Apple cider vinegar is a popular home remedy. People have used it for centuries in cooking and medicine.
Many people claim it can relieve a wide range of health complaints, but you may wonder what the research says.
Apple cider vinegar has various healthful properties, including antimicrobial and antioxidant effects. What’s more, evidence suggests it may offer health benefits, such as aiding weight loss, reducing cholesterol, lowering blood sugar levels, and improving the symptoms of diabetes.
However, little research exists, and further studies are needed before it can be recommended as an alternative therapy.
This article looks at the evidence behind 6 possible health benefits of apple cider vinegar.
Apple cider vinegar is made via a two-step process (1).
First, the manufacturer exposes crushed apples to yeast, which ferments the sugars and turns them into alcohol. Next, they add bacteria to further ferment the alcohol, turning it into acetic acid — the main active compound in vinegar.
Acetic acid gives vinegar its strong sour smell and flavour. Researchers believe this acid is responsible for apple cider vinegar’s health benefits. Cider vinegars are 5–6% acetic acid (2Trusted Source, 3).
Organic, unfiltered apple cider vinegar also contains a substance called mother, which consists of strands of proteins, enzymes, and friendly bacteria that give the product a murky appearance.
Some people believe that the mother is responsible for most of its health benefits, although there are currently no studies to support this.
While apple cider vinegar does not contain many vitamins or minerals, it offers a small amount of potassium. Good quality brands also contain some amino acids and antioxidants.
Apple cider vinegar is made by fermenting the sugar from apples. This turns them into acetic acid, which is a main active ingredient in vinegar and may be responsible for its health benefits.
Vinegar can help kill pathogens, including bacteria (4Trusted Source).
People have traditionally used vinegar for cleaning and disinfecting, treating nail fungus, lice, warts, and ear infections.
Hippocrates, the father of modern medicine, used vinegar to clean wounds more than 2,000 years ago.
If you’re looking for a natural way to preserve your food, apple cider vinegar could help.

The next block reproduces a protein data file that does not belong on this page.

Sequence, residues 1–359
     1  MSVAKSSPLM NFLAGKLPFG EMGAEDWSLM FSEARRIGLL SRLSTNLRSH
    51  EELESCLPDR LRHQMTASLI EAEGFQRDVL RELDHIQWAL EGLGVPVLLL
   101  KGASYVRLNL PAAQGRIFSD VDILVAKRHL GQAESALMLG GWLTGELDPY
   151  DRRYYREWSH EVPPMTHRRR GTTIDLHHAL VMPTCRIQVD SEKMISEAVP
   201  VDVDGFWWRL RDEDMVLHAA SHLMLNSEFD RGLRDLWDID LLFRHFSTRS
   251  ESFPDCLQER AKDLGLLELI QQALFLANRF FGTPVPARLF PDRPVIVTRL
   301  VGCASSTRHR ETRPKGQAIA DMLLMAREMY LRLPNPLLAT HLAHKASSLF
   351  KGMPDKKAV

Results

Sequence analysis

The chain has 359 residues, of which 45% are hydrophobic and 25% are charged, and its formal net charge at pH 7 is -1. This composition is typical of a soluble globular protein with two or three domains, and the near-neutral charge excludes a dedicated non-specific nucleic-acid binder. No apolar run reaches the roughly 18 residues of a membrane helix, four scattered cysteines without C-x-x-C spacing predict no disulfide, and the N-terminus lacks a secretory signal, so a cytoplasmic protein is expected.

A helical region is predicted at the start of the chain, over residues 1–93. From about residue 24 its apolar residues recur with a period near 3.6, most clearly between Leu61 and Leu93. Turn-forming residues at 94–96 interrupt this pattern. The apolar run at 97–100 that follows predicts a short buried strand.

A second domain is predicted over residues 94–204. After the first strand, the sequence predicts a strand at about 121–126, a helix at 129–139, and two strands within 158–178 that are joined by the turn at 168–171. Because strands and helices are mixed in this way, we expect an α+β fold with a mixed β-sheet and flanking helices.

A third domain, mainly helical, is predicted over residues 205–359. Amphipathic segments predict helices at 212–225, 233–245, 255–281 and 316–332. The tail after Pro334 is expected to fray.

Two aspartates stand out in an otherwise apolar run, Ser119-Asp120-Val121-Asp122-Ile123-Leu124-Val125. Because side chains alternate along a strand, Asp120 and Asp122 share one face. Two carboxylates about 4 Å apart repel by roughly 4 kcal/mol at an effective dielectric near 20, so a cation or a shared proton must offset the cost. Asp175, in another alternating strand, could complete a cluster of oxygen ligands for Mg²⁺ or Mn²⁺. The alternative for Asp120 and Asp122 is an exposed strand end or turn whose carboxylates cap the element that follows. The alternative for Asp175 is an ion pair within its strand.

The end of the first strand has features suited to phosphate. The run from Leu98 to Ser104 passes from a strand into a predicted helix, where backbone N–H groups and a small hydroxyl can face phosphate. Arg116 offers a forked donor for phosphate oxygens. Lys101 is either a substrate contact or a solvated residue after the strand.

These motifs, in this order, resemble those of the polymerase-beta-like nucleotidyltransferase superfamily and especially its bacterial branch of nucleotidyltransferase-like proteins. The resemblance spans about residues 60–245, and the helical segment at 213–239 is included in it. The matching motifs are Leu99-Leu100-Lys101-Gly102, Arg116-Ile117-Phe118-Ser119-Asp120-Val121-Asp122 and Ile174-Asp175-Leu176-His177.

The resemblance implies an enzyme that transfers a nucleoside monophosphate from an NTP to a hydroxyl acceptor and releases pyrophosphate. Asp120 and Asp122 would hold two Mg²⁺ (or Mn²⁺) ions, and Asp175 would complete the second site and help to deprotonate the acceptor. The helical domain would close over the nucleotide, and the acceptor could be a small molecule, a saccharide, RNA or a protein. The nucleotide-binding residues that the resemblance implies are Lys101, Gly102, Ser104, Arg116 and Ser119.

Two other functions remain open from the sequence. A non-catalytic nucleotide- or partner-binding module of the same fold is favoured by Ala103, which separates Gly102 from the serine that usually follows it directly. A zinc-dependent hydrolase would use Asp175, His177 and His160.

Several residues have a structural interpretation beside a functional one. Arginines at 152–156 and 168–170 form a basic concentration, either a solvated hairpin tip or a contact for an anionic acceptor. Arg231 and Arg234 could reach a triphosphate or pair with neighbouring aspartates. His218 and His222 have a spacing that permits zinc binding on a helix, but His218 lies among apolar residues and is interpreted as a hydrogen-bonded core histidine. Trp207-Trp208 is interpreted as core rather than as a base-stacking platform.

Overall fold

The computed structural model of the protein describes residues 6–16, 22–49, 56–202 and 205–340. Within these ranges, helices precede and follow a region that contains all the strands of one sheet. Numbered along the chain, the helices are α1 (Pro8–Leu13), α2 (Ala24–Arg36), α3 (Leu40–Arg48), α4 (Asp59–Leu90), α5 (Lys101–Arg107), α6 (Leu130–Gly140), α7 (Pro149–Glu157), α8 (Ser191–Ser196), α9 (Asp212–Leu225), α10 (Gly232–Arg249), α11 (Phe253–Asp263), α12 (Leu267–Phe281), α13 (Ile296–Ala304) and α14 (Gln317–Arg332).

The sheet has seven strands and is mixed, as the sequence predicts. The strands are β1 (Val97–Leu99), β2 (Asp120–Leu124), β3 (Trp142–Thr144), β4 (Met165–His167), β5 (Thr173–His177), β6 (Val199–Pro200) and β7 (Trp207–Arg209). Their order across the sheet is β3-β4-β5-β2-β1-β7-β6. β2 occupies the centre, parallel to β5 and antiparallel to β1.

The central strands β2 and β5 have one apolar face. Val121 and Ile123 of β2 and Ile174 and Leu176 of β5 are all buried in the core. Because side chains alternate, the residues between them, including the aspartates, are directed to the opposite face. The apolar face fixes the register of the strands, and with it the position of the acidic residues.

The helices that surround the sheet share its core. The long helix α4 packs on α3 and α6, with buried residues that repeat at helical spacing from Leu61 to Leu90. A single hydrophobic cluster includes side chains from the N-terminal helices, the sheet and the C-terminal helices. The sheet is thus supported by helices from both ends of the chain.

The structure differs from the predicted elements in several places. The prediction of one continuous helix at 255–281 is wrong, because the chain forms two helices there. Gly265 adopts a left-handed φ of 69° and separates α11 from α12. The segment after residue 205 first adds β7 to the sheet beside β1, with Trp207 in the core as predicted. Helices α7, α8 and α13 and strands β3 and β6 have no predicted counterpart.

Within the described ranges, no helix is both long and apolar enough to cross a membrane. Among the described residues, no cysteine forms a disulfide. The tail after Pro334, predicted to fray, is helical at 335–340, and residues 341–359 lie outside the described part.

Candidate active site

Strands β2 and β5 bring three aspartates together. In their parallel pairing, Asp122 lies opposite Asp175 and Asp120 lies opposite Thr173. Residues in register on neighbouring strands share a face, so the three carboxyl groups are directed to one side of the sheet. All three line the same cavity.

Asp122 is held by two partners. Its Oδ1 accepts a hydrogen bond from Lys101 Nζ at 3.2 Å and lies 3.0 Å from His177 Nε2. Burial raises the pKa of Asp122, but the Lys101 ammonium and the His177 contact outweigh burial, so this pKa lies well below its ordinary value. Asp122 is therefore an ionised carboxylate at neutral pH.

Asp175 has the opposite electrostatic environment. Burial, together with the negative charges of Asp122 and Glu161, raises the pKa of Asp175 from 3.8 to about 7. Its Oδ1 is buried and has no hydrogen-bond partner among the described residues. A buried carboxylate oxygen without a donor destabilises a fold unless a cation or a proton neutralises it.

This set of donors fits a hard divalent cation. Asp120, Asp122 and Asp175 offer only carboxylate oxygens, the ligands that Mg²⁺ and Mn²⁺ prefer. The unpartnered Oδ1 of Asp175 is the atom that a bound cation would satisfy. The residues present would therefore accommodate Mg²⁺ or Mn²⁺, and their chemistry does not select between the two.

Anecdotal reports also suggest that diluted apple cider vinegar could help with acne when applied to the skin, but there doesn’t seem to be any strong research to confirm this.
The main substance in vinegar — acetic acid — can kill harmful bacteria or prevent them from multiplying. It has a history of use as a disinfectant and natural preservative.
To date, one of the most convincing applications of vinegar is helping treat type 2 diabetes.
Type 2 diabetes is characterized by high blood sugar levels caused by insulin resistance or the inability to produce insulin (7Trusted Source).
However, people without diabetes can also benefit from keeping their blood sugar levels in the normal range, as some researchers believe that high blood sugar levels are a major cause of aging and various chronic diseases.
The most effective and healthiest way to regulate blood sugar levels is to avoid refined carbs and sugar, but apple cider vinegar may also have a beneficial effect.
Research suggests that vinegar offers the following benefits for blood sugar and insulin levels:
- A small study suggests vinegar may improve insulin sensitivity by 19–34% during a high carb meal and significantly lower blood sugar and insulin response (8).
- In a small study in 5 healthy people, vinegar reduced blood sugar by 31.4% after eating 50 grams of white bread (9Trusted Source).
- A small study in people with diabetes reported that consuming 2 tablespoons of apple cider vinegar before bedtime reduced fasting blood sugar by 4% the following morning (10).
- Numerous other studies in humans show that vinegar can improve insulin function and lower blood sugar levels after meals (11Trusted Source, 12Trusted Source).
The National Centres for Complementary and Integrative Health (NCCIH) says it’s very important that people do not replace medical treatment with unproven health products (13Trusted Source).
If you’re currently taking blood-sugar-lowering medications, check with your healthcare provider before increasing your intake of any type of vinegar.
Apple cider vinegar has shown great promise in improving insulin sensitivity and helping lower blood sugar responses after meals.
Perhaps surprisingly, studies show that vinegar could help people lose weight.
Several human studies show that vinegar can increase feelings of fullness. This can lead you to eat fewer calories and lose weight.